A file photo of Earl Creech sifting through soil during a dry year.

TAYLORSVILLE — For those involved in the agricultural industry, the health of soil may be one of the most important to the success of any operation.

A file photo of Scott Kent holding some rich soil builder or worm casting he is creating at his North Logan worm operation.

The Utah Department of Agriculture and Food (UDAF) Soil Health wants to help producers by holding their second Biannual Soil Health in the West Conference. The conference will be held in St. George at the Dixie Convention Center located at 1835 S Convention Center Dr. St. George, on February 6-8, 2024.

Because most of Utah is a high desert environment implementing soil principles such as keeping the soil covered has shown a decrease in soil temperature as much as 40°F and it reduces water loss from evaporation in some cases to zero. Managing a farm for soil health can increase the organic matter content of the soil by sequestering carbon; each 1% increase in soil organic matter increases the soil water holding capacity by 16,000 to 24,000 gallons per acre.

Craig Buttars, UDAF Commissioner said it is important to understand what healthy soil can do improve production.

“The importance of maintaining healthy soils is not a strange concept to Utah’s farmers and ranchers. UDAF’s Soil Health Program has been working to expand these efforts since its creation in 2021.” Buttars said. “The Soil Health in the West Conference is a great way to share information about soil health practices and resources with producers in Utah and throughout the Western United States.”

Tony Richards UDAF Soil Health Program Manager said the Soil Health in the West Conference brings together world experts and regional soil health practitioners under one roof for a multi-day learning and networking opportunity unlike any other in the Western United States.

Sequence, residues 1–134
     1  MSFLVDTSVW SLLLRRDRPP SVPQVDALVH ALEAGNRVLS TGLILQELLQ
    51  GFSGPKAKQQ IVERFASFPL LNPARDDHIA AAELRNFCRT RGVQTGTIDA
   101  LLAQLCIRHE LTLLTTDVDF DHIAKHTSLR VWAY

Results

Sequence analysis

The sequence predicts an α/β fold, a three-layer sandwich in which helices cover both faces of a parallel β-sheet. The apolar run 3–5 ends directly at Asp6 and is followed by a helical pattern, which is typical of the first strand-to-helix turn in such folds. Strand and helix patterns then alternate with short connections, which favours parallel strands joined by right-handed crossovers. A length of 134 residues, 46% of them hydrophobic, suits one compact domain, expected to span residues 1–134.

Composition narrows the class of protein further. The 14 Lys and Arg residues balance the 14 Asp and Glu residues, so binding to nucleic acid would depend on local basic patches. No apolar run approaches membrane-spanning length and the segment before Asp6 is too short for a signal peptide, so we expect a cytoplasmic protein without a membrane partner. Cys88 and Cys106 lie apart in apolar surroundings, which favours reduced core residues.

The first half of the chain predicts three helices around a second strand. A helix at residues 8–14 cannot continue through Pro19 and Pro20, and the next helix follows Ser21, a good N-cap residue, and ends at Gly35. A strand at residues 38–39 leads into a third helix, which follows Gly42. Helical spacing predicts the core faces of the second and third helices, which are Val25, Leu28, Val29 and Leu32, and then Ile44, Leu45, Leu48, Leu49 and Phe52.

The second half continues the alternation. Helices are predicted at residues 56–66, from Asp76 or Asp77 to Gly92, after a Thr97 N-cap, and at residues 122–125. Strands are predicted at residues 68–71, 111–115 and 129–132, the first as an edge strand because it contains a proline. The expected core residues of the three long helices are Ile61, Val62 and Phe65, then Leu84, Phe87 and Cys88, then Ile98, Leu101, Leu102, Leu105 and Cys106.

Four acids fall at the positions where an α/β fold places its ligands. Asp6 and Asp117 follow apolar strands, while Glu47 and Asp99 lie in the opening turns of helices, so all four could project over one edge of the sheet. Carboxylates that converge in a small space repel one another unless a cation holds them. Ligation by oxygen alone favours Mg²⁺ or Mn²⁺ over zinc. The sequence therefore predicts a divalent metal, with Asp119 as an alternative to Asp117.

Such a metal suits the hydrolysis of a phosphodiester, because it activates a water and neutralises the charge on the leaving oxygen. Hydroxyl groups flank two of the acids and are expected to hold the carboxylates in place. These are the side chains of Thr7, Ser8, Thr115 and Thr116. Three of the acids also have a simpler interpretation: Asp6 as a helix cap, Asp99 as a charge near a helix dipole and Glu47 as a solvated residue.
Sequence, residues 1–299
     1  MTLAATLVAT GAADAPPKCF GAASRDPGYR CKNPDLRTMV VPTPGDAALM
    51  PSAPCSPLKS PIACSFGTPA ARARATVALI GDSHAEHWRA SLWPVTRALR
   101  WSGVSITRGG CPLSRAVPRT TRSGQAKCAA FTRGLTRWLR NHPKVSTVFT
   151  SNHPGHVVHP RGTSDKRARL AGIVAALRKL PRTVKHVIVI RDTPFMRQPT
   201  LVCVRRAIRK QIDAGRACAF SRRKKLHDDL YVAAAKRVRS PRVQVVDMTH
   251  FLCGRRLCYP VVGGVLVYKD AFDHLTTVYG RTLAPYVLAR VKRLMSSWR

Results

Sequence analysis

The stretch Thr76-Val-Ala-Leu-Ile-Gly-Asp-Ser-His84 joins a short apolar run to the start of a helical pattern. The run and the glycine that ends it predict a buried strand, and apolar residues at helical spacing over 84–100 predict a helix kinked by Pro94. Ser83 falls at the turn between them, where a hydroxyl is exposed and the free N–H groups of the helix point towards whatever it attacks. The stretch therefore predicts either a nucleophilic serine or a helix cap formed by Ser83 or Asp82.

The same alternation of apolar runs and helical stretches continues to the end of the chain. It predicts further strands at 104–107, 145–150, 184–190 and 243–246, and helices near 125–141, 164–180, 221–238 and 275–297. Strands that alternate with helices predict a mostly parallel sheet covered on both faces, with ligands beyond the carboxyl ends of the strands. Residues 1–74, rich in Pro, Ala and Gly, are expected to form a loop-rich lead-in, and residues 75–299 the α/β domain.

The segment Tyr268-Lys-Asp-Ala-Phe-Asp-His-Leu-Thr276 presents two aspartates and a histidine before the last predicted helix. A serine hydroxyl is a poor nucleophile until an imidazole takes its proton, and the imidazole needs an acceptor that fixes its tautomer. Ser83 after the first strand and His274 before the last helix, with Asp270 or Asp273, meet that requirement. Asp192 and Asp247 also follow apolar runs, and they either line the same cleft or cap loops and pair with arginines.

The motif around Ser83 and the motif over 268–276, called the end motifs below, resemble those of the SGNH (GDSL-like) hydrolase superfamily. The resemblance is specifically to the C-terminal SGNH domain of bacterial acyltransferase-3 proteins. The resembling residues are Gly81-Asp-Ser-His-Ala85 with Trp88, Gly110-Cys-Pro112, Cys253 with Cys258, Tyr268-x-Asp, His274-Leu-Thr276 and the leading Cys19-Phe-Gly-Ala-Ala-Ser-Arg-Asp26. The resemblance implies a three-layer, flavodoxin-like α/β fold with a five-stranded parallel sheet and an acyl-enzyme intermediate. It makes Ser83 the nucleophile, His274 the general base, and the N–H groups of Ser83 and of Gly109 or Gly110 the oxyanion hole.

Good soil is valuable to producers in Utah.

“Research is showing that by implementing the six soil health principles using practices such as no-till and cover crops we can make farms resilient to weather extremes like drought and flood while increasing profitability through reduction in input costs.” he said. “Healthy s oils capture and store more water, better cycle nutrients, and are protected against erosion.”

This year’s conference will bring 29 different speakers covering topics from livestock grazing and soil health to soil health and its impact on water availability.

Keynote Speakers this time will be:

Alejandro Carrillo, a fourth-generation rancher in the Chihuahuan desert. Rarely does his precipitation go beyond 9” per year (< 230mm). Every drop counts to grow more and better grasses and forbs with little water in such a brittle environment if he wants to graze year-round without input.

Joel Saltin, a farmer, author, speaker, and mentor who is as comfortable moving cows in a pasture as he is addressing CEOs in a Wall Street business conference. He co-owns Polyface Farm with his family in Swoope, Virginia. He has written over a dozen books, serves as the editor of The Stockton Grass Farmer, and co-hosts the Beyond Labels foodscape research podcast.

FILE – Farmers in Utah and around the country could benefit from a partnership involving the U.S.D.A. and NASA, which should lead to a better understanding of soil moisture levels as growers continue to deal with historic drought. Photo credit: U.S. Department of Commerce.

When he’s not on the road speaking, Joel is mentoring young people, inspiring visitors, and promoting local, regenerative food and farming systems.

Other speakers include farmers and ranchers from around the region including Arizona, Colorado, Idaho, Nevada, New Mexico, and Utah.

For more information and to register for the conference, visit utahsoilhealth.org/events/2024-conference.







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